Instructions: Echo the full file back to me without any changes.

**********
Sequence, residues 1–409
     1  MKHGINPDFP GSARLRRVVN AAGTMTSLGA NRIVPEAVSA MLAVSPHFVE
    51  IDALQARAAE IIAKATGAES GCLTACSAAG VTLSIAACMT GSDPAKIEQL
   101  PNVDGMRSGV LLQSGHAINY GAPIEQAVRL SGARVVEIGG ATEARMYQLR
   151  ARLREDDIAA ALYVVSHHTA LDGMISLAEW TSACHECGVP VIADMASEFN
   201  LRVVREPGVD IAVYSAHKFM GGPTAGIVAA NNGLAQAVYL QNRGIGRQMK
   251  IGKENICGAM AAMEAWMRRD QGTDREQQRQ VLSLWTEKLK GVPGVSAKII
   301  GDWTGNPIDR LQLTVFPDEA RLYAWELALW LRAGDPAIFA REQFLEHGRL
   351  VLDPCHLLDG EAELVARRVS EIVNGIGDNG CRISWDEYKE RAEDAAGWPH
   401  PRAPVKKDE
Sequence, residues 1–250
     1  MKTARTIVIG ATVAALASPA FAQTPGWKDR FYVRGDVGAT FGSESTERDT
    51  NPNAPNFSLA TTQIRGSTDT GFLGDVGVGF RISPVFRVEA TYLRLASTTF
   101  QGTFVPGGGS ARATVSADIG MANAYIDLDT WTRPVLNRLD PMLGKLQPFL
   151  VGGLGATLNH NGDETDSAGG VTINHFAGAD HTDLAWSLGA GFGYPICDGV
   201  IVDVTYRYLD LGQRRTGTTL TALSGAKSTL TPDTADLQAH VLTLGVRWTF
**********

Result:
Sequence, residues 1–409
     1  MKHGINPDFP GSARLRRVVN AAGTMTSLGA NRIVPEAVSA MLAVSPHFVE
    51  IDALQARAAE IIAKATGAES GCLTACSAAG VTLSIAACMT GSDPAKIEQL
   101  PNVDGMRSGV LLQSGHAINY GAPIEQAVRL SGARVVEIGG ATEARMYQLR
   151  ARLREDDIAA ALYVVSHHTA LDGMISLAEW TSACHECGVP VIADMASEFN
   201  LRVVREPGVD IAVYSAHKFM GGPTAGIVAA NNGLAQAVYL QNRGIGRQMK
   251  IGKENICGAM AAMEAWMRRD QGTDREQQRQ VLSLWTEKLK GVPGVSAKII
   301  GDWTGNPIDR LQLTVFPDEA RLYAWELALW LRAGDPAIFA REQFLEHGRL
   351  VLDPCHLLDG EAELVARRVS EIVNGIGDNG CRISWDEYKE RAEDAAGWPH
   401  PRAPVKKDE
Sequence, residues 1–250
     1  MKTARTIVIG ATVAALASPA FAQTPGWKDR FYVRGDVGAT FGSESTERDT
    51  NPNAPNFSLA TTQIRGSTDT GFLGDVGVGF RISPVFRVEA TYLRLASTTF
   101  QGTFVPGGGS ARATVSADIG MANAYIDLDT WTRPVLNRLD PMLGKLQPFL
   151  VGGLGATLNH NGDETDSAGG VTINHFAGAD HTDLAWSLGA GFGYPICDGV
   201  IVDVTYRYLD LGQRRTGTTL TALSGAKSTL TPDTADLQAH VLTLGVRWTF